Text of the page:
Photosynthesis Versus Cellular Respiration
445 words (1.3 double-spaced pages)
- - - - - - - - - - - - - - - - - - - - - - - - - - - - - - - - - -
Photosynthesis is the storage of energy in carbon compounds. In photosynthesis, the sun's energy is converted to chemical energy and stored in glucose molecules. In photosynthesis, we see energy associated with electrons or being released from association of electrons. There are two pathways associated with photosynthesis: light and dark reactions. I will concentrate on the non-cyclic light reactions of photosynthesis. Light reactions are driven by light energy. This pathway produces ATP and a reduced electron carrier (NADPH + H ). The overall reaction is solar energy + 6CO + 6H O ® C H O + 6O + heat. Whereas photosynthesis takes place in specific groups of organisms, cellular respiration is done by all cells. In respiration, the energy stored in organic compounds may have been produced by the cell itself or stolen from another organism. Respiration uses oxygen from the environment to create carbon dioxide. The overall reaction for cellular respiration is C H O + 6O ® 6CO + 6H O + energy (heat and ATP).
The electron transport chain of cellular respiration and the non-cyclic light reaction of photosynthesis are somewhat similar to each other. Just as NAD goes hand in hand with metabolic events that take place in cellular respiration, NADP also goes hand in hand with photosynthesis. The only difference in NAD and NADP is an extra phosphate group that binds to the sugar ribose. Photosynthesis and cellular respiration are similar in that they both undergo chemiosmosis. In respiration, high energy electrons are transported from the Krebs cycle to the electron transport chain by the carrier molecule NADH. In photosynthesis, high energy electrons hitch a ride on NADPH. NADPH carries the excited electron (Hydrogen atom) to the dark reactions in the stroma to make glucose. In photosynthesis, electrons go down the chain and produce ATP between PHAEO and Photosystem I. This is the same in cellular respiration. There are very few similarities between photosynthesis and cellular respiration.
There are many differences between the non-cyclic reactions of photosynthesis and the electron transport chain of cellular respiration. Photosynthesis requires energy as photons. Cellular respiration supplies energy in the form of ATP. In photosynthesis, electron transport occurs in the membranes of chloroplasts or thylakoid discs. Electron transport in cellular respiration takes place in the membranes of mitochondria or the cristae. In photosynthesis, water breaks down to supply 2 electrons and 2 Hydrogen ions and release ½ O at the beginning of the chain. In cellular respiration, 2 electrons at the end of the chain combine with 2 Hydrogen ions and ½ O to produce water. This is the complete opposite. NADPH + H is produced at the end of the chain in photosynthesis. In respiration, it is fed into the beginning of the chain. In the last step of photosynthesis, 2 x 3C ®C6 (glucose). In respiration, the first step is C6 (glucose)® 2 x 3C (pyruvate). The Calvin cycle requires NADPH plus a Hydrogen ion, produces C3, and takes place in the stroma. The Krebs' cycle produces NADH plus a Hydrogen ion, requires 2C, and takes place in the matrix. Photosynthesis takes in carbon dioxide and water and produces glucose. Cellular respiration is the counterpart. It takes in glucose and produces carbon dioxide and water. The two reactions are quite different from each other. They are total opposites in most cases.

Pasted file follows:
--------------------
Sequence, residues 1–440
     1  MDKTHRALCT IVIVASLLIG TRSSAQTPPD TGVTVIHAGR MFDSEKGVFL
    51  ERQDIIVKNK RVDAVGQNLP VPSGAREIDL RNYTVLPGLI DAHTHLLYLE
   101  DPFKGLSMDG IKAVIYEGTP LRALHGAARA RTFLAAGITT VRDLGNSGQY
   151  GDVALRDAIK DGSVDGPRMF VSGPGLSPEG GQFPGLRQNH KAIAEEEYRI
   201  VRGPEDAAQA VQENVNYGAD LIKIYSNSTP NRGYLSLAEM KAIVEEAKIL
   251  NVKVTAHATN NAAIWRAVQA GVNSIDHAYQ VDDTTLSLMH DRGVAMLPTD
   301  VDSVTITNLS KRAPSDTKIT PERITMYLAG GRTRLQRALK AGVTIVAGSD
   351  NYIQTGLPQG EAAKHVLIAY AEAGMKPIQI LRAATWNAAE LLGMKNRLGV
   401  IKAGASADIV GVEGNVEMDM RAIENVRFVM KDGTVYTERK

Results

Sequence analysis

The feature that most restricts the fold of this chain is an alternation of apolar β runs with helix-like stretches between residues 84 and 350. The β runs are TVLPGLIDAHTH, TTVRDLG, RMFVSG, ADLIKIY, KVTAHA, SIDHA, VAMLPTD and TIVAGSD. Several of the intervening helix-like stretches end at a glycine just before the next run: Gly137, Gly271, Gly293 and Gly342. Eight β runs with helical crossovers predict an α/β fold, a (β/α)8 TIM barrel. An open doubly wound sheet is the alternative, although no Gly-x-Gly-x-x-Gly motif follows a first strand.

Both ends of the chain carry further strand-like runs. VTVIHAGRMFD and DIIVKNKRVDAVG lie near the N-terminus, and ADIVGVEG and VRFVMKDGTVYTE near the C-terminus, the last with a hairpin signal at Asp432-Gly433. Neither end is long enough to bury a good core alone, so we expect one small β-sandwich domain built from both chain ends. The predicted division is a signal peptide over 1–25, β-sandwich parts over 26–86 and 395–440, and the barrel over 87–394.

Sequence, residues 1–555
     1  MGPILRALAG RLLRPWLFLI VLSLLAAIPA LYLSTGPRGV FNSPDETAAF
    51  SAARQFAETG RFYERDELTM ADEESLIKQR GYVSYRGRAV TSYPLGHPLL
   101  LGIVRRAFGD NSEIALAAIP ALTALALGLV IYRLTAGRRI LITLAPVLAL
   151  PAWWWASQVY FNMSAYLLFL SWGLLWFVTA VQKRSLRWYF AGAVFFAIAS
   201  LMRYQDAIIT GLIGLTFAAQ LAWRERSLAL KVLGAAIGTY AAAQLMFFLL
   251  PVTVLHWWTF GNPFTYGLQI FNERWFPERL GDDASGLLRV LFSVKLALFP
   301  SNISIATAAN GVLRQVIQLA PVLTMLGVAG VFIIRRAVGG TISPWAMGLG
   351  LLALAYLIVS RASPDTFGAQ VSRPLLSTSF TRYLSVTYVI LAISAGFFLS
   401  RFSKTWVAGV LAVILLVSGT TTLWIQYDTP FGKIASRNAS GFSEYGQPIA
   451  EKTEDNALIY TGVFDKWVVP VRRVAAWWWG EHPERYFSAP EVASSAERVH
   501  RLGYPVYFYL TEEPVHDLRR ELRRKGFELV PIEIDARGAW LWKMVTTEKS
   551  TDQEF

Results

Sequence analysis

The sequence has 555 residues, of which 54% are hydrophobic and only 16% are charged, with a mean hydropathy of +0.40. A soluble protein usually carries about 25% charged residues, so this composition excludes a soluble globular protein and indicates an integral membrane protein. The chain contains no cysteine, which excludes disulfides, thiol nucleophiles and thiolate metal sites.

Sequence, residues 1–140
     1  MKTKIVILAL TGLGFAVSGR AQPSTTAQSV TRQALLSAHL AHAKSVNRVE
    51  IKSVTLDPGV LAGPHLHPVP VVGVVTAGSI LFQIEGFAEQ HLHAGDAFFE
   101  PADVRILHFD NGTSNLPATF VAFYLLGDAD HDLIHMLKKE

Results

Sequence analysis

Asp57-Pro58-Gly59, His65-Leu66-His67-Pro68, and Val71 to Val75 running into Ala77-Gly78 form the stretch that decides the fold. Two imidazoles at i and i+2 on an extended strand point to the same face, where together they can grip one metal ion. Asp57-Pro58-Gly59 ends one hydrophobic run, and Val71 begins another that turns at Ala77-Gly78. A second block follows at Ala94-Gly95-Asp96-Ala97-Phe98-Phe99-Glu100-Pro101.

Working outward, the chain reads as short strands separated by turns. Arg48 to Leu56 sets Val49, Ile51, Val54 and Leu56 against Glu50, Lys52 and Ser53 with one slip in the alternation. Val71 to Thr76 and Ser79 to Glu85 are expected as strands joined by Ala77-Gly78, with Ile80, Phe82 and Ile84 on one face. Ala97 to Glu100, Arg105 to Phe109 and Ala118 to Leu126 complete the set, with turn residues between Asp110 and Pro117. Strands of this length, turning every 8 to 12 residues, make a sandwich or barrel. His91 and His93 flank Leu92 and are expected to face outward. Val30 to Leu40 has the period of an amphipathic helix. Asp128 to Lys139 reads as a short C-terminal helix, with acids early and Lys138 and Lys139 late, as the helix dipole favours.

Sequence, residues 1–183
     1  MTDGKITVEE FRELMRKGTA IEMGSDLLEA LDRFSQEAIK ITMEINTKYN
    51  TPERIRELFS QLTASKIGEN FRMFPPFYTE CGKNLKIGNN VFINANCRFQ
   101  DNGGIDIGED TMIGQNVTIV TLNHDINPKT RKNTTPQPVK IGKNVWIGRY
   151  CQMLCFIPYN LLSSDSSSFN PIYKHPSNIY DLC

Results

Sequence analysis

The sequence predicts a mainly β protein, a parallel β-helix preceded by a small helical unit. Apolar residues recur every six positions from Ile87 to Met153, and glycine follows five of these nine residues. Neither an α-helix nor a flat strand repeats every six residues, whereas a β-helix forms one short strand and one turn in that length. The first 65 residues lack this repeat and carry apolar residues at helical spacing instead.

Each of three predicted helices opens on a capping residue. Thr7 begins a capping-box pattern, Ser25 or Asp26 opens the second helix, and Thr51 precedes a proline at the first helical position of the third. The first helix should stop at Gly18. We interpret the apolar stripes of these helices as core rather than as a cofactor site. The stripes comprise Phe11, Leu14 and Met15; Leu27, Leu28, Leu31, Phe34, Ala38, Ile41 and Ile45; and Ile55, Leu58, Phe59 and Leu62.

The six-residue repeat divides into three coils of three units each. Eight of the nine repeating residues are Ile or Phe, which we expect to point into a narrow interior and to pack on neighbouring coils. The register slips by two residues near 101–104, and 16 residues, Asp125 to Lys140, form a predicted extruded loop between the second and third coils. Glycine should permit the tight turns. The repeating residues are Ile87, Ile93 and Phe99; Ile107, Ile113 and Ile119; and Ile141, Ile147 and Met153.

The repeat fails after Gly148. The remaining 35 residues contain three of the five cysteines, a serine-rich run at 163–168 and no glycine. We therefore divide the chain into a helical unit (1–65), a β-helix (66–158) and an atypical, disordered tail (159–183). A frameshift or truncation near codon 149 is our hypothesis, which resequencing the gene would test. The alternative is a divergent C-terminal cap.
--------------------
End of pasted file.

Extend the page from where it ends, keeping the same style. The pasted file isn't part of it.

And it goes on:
How to Cite this Page
"Photosynthesis Versus Cellular Respiration." 123HelpMe.com. 26 Sep 2016
If you'd like to save a copy of the
paper on your computer, you can COPY and PASTE it into your word
processor. Please, follow these steps to do that in Windows:
1. Select the text of the paper with the mouse and press Ctrl+C.
2. Open your word processor and press Ctrl+V.
123HelpMe.com (the "Web Site") is produced by the "Company". The contents of this Web Site, such as text, graphics, images, audio, video and all other material ("Material"), are protected by copyright under both United States and foreign laws.
The Company makes no representations about the accuracy, reliability, completeness, or timeliness of the Material or about the results to be obtained from using the Material. You expressly agree that any use of the Material is entirely at your own risk. Most of the Material on the Web Site is provided and maintained by third parties. This third party Material may not be screened by the Company prior to its inclusion on the Web Site. You expressly agree that the Company is not liable or responsible for any defamatory, offensive, or illegal conduct of other subscribers or third parties.
The Materials are provided on an as-is basis without warranty express or implied. The Company and its suppliers and affiliates disclaim all warranties, including the warranty of non-infringement of proprietary or third party rights, and the warranty of fitness for a particular purpose. The Company and its suppliers make no warranties as to the accuracy, reliability, completeness, or timeliness of the material, services, text, graphics and links.
For a complete statement of the Terms of Service, please see our website. By obtaining these materials you agree to abide by the terms herein, by our Terms of Service
as posted on the website and any and all alterations, revisions and amendments thereto.